How to Protect Yourself from COVID-19 Cyber Risks
The recent COVID-19 outbreak is something we never expected and we are all trying to get used to a new way of life to avoid the spread and keep each other safe.
For many of us, this has been a time to come together (even while socially isolated). People are uniting around a cause and looking for ways to express kindness and help their neighbors.
Unfortunately, other people are using this time when the public is especially vulnerable and distracted to stage harmful cyber attacks.
On top of that, the increase in remote workers is opening up new vulnerabilities to businesses whose computer systems may not be as protected as usual.
At Berry Insurance, we know this is a hard time for everyone. We have altered how we do our business, and are all currently working remotely. We all have a lot on our minds and the last thing we want is a cyber attack that destroys files and work and causes financial hardship.
That’s why we want to educate you about all the additional cyber risks going on right now (there are many), and what you can do to best protect yourself and your business.
Cyber scams/fake emails
Currently, many people are socially distancing, which means that rather than spending time out in the public or with family and friends, they are at home, spending hours online and looking for any new information about the coronavirus outbreak. Almost every company is sending out an update on how they are handling the pandemic, and people are reading them, thirsty for any COVID-19-related information.
Unfortunately, cyber attackers know this and are sending out a variety of fake emails, texts, and social media posts that are actually cyber scams, hoping that people will click into it.
Some of these emails can be hard to differentiate from all the other similar emails you are getting from a variety of companies. If opened, they can be easy to fall for, and you might find yourself unknowingly installing malware on your computer system.
Some of the cyber attacks going around come in the form of:
- Emails with suspicious links claiming info on COVID-19
- Emails with suspicious links claiming to have info on current charities and ways to give back
- Online offers/fake emails offering vaccinations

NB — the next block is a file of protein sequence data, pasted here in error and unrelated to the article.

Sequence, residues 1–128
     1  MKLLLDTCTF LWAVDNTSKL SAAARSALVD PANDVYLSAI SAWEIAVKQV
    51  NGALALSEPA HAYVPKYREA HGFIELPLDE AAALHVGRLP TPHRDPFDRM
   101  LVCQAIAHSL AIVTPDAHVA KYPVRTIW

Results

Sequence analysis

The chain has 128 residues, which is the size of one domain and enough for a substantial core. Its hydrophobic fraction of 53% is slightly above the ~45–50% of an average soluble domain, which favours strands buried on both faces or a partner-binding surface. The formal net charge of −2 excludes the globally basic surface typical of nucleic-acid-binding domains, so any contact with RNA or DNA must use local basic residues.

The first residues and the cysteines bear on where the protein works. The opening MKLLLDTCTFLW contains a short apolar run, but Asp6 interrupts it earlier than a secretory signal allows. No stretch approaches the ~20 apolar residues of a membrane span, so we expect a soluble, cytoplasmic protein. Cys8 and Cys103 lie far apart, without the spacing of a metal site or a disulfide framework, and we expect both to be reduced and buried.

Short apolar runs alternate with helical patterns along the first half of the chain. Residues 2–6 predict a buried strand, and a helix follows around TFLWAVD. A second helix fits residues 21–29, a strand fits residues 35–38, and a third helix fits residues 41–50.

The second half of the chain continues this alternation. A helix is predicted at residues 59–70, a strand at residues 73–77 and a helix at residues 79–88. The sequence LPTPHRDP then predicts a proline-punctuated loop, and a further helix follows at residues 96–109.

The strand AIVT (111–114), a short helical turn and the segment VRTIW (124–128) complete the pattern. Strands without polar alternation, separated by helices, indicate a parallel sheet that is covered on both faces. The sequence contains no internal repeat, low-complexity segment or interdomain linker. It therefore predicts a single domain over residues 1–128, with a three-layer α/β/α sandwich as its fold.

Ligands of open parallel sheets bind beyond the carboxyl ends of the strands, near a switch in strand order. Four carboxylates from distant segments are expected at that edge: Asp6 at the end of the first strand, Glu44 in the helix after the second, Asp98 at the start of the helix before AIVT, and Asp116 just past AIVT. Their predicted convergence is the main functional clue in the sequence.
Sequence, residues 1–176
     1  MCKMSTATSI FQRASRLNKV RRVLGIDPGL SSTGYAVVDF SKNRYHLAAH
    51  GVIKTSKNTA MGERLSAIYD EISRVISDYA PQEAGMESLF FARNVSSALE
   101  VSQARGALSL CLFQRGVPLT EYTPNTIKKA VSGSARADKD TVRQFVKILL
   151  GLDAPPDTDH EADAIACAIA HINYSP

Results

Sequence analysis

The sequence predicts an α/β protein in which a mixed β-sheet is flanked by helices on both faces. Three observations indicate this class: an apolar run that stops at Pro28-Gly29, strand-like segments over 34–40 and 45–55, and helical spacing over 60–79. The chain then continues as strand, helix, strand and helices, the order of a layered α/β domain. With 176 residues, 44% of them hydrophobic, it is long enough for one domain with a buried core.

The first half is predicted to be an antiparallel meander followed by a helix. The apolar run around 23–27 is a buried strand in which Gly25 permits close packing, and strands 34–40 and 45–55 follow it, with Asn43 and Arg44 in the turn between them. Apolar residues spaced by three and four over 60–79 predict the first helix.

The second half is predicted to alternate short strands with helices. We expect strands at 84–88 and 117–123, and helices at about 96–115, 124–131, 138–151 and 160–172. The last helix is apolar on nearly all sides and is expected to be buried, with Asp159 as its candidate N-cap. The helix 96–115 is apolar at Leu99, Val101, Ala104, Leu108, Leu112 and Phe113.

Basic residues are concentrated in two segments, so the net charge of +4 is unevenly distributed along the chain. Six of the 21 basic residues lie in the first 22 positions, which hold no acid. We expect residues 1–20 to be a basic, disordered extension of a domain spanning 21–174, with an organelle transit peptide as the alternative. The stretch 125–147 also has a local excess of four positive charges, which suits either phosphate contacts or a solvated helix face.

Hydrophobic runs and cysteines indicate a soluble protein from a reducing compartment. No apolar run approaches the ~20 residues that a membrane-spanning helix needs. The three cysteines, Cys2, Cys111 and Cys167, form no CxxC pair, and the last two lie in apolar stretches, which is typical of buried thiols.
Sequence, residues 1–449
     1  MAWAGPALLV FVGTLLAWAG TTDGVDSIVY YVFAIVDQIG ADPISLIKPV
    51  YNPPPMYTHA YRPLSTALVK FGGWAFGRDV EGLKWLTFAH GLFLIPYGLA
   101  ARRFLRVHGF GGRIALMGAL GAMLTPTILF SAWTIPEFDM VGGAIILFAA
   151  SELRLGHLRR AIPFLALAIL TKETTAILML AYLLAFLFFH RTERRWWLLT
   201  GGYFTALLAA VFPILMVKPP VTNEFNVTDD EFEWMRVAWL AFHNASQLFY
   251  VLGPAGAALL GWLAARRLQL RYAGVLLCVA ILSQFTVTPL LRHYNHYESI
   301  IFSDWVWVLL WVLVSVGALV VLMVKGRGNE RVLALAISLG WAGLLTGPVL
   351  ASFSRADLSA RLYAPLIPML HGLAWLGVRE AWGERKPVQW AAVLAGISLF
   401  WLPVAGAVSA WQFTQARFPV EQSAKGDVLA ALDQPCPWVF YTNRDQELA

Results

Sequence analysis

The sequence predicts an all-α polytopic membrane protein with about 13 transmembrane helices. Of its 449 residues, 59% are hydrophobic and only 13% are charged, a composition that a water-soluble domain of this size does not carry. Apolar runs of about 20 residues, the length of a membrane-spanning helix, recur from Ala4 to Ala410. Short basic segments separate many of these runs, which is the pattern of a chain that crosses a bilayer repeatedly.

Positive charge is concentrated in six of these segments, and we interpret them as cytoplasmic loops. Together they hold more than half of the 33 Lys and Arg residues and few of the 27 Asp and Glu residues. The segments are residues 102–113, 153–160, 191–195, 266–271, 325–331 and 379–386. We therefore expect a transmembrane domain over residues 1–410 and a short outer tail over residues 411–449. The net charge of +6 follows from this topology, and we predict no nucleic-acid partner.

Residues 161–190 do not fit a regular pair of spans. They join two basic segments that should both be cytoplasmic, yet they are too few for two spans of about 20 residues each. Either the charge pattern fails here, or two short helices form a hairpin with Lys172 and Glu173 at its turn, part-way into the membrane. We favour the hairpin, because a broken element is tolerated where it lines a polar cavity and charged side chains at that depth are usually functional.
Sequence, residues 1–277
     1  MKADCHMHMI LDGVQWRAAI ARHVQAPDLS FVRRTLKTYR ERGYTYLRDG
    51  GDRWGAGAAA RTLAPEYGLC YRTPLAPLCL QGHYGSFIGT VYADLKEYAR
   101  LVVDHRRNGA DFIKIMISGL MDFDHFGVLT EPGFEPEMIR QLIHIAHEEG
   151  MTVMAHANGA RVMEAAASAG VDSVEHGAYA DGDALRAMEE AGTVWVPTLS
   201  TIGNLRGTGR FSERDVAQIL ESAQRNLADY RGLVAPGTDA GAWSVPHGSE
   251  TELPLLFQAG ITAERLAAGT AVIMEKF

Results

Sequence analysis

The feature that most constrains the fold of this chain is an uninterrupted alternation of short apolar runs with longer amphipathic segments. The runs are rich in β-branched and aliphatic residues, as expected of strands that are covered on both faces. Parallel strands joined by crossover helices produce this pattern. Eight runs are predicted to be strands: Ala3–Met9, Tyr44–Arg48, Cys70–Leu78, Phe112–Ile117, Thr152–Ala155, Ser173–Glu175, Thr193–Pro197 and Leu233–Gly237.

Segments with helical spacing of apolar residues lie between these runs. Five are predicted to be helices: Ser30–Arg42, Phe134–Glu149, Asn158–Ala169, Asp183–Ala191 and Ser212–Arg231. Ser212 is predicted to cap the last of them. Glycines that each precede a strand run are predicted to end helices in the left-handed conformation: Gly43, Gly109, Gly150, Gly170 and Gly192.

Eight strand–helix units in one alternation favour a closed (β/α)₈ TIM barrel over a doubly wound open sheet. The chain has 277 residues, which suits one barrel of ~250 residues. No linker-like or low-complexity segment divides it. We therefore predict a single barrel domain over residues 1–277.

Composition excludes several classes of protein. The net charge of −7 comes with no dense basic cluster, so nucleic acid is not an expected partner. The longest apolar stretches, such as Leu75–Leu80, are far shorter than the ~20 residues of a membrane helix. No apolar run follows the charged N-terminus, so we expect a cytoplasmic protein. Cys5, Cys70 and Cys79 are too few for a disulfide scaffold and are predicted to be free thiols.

- Emails asking for your information so the government can send you a relief check
Working remote risks:
At this point, most of us who have remote capabilities are working from home.
This situation is something nobody saw coming, so many businesses are trying to navigate a new work-from-home structure.
One of the things to consider when transitioning to a remote structure is how it may be opening your business up to cyber vulnerabilities.
Those who do not have work laptops to bring home are working on home computers, which may not have the same protections as their work computers.
Even if employees do have a work laptop to bring home, they are likely working on their personal Wi-Fi or public Wi-Fi, which can be more easily hacked.
Preventing a cyber attack:
With these cyber attacks on the rise, it is important to know what to look out for and how to protect yourself from an attack or breach.
Don’t click on any links from sources you don’t know. Clicking these links could be authorizing cyber attackers to download viruses onto your computer.
Look closely at any emails about coronavirus. Pay attention to email addresses or website URLs to see if there are any discrepancies between them and the sources they are claiming to come from.
Disregard any offers for coronavirus vaccines or cures, or any requests for information from agencies claiming to want to send you government funding. If these offers were legitimate, they would not be coming through online sources.